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Why Community-Based Care Is Vital to Cancer Research

May 17, 2023

Texas Oncology is committed to paving the way for new breakthroughs in cancer research with a robust statewide clinical trials program.

An active advocate and participant in cancer research, Debra Patt, M.D., Ph.D., MBA, executive vice president, public policy, payer relations, and strategic initiatives at Texas Oncology, was recently elected as the Designated Community Oncologist on the Board of Directors of the American Society of Clinical Oncology’s (ASCO).

In recognizing National Cancer Research Month, Dr. Patt discusses why community-based care is vital to cancer research, the impact of clinical trial accessibility at the local level, and what to know about the importance of research as a patient.

In recently being elected to the Designated Community Oncologist seat at ASCO, why do you think it’s important to have a physician who represents community cancer care in the national cancer research space?

Cancer research helps us to lower rates. Cancer care has evolved tremendously over the last few decades and for many, their cancer type may require a more integrated treatment like other chronic diseases. This level of care allows patients to receive their medication with minimized side effects while living their life to the fullest. In order to continue this cadence and have accessibility to these groundbreaking clinical trials, it’s important as cancer researchers that we continue our commitment to clinical research in the community practice setting.

At Texas Oncology, we’ve prioritized this in many ways. We collaborate with the US Oncology Network, which brings a wide range of clinical trials to our patients and participating sites of service. We also work with Sarah Cannon Research Institute, NEXT Oncology, Mary Crowley Cancer Center, and many local hospital systems in addition to investigator-initiated trials. Altogether, we’re able to focus on giving our patients the cancer care and accessibility they deserve, and close to home.

Why is community-based care vital to cancer research and what role does it play?

Community-based care plays a vital role in research and having access to these leading-edge clinical trials at our cancer centers across Texas makes it a reality for the patients we serve in the community. Since being founded, Texas Oncology has been committed to advancing cancer research. We’ve played a role in the development of more than 100 cancer therapies approved by the Food and Drug Administration. Our continued work allows our patients to have access to the latest cancer therapies and treatment options.

How does clinical trial accessibility at the local level impact cancer research findings and/or new treatments?

Accessibility to clinical trials at the local level allows patients to have the latest cancer therapies and medications as a part of their routine treatment plan. If patients didn’t have access in their community, most would have to travel far distances away from home to receive these advanced forms of treatment. In addition, having access locally allows for cancer research to further reflect the population’s diversity. Texas Oncology continues to commit toward participating in studies that allow advanced cancer care to our patients nearby.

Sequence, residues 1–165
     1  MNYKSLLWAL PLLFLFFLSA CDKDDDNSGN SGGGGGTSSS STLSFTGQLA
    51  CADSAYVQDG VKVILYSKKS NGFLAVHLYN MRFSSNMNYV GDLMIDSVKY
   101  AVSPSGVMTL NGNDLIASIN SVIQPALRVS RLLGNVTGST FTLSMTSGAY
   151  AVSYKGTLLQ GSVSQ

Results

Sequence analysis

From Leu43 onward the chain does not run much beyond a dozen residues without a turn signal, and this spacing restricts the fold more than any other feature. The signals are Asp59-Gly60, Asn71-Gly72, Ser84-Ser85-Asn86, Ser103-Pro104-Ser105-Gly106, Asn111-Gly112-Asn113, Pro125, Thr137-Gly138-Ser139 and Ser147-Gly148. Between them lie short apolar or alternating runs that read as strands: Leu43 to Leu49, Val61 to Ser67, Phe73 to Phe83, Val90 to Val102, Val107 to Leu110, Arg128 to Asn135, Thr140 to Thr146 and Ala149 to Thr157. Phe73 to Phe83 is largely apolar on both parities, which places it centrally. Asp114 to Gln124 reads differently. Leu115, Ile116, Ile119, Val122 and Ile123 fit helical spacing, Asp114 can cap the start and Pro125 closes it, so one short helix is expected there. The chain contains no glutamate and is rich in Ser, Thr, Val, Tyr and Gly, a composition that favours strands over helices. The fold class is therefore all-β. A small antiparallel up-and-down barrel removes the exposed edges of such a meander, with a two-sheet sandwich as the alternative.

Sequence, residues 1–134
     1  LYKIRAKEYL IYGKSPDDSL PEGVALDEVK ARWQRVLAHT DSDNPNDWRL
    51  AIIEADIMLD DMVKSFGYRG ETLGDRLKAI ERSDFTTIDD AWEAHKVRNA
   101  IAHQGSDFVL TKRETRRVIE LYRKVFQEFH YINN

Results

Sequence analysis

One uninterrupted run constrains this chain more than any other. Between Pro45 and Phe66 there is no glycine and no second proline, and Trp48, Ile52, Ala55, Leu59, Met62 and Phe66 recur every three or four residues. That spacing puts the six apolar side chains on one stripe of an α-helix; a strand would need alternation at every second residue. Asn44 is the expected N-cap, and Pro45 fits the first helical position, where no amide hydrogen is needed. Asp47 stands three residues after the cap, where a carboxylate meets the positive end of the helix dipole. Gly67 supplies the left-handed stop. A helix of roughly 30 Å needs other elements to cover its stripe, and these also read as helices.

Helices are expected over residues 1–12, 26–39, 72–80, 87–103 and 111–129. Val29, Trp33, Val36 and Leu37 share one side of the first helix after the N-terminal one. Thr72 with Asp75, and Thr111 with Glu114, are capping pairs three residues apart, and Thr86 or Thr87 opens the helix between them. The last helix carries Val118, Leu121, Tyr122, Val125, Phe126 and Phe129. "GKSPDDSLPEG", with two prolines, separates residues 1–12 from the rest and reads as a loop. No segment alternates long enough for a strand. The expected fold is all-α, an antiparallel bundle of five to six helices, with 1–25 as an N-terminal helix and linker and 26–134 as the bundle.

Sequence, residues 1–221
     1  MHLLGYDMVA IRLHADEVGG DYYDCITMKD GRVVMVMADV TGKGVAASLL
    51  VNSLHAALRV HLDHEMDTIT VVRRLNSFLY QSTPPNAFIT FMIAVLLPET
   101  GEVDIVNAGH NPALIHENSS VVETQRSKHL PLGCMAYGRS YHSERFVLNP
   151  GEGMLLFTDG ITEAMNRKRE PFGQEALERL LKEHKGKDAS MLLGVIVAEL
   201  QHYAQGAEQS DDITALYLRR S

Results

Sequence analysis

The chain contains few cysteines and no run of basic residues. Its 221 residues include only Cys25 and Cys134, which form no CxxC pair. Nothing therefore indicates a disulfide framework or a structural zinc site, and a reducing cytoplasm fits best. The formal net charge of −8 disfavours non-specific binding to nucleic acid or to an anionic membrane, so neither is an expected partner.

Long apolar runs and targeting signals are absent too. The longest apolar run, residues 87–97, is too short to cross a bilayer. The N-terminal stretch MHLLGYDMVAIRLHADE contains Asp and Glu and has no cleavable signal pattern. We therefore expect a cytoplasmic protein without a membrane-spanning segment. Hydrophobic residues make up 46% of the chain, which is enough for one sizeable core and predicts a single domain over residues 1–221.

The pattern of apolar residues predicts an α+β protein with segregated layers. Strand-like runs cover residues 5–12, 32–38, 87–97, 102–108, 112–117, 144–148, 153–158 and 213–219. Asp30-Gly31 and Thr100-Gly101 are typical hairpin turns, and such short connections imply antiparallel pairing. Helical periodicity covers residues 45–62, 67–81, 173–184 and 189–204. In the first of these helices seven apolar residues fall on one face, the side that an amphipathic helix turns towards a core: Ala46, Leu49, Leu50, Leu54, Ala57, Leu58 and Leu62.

What research trends can medical professionals expect to hear about this year at ASCO?

The American Society of Clinical Oncology (ASCO) Annual Meeting is the single best resource for medical professionals to learn about the newest cancer studies and attend presentations that drive the future of cancer care. We’ll see findings on therapies we can take immediately back to our sites of service the very next week. Cancer research is presented throughout the world and in many forums; however, this meeting showcases the sheer volume of research and clinical impact around how we treat the whole patient based off their specific cancer type.

If you could tell patients and/or caregivers one thing about the importance of cancer research, what would it be and why?

I encourage patients to consult with their physician to learn if they’re eligible to enroll in a clinical trial. Participation drives progress in cancer research, and the advancements we’ve seen in cancer care today are a direct impact of the findings we’ve discovered through research. I consider part of providing my patients with the best cancer care is by walking through clinical trial options tailored to their individual cancer.

In your opinion, what else should the cancer community be talking about?

In addition to novel cancer research, I look forward to discovering clinical trials that enhance cancer care and optimize cancer patients’ overall support throughout treatment. For a long time, we only focused on how physicians can treat patients, but now we’ve expanded to incorporate every role in a cancer care team. These efforts require the integration of multiple different clinical and administrative resources to maximize and surround patients with the support they need for an improved outcome and best possible care.

At Texas Oncology, we’ve grown our social work, palliative medicine, virtual neurospecialist, and dietitian support specialties, and invested further in the growth, development, and research in digital health applications, digital education, telemedicine support, virtual support groups, electronic patient reported outcomes, virtual nurse triage, and many other sectors. I think we’re focused on the right things and look forward to where we’re going in the future of cancer care.

For upcoming webinars visit www.TexasOncologyFoundation.org.